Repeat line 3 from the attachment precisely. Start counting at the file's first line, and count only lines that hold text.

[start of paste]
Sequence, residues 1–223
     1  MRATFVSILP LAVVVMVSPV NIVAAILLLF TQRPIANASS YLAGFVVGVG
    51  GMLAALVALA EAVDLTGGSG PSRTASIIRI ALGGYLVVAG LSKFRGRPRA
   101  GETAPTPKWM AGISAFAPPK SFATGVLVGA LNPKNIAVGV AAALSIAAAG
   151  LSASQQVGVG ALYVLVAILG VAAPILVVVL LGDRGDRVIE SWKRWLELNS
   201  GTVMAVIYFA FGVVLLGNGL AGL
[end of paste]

    51  GMLAALVALA EAVDLTGGSG PSRTASIIRI ALGGYLVVAG LSKFRGRPRA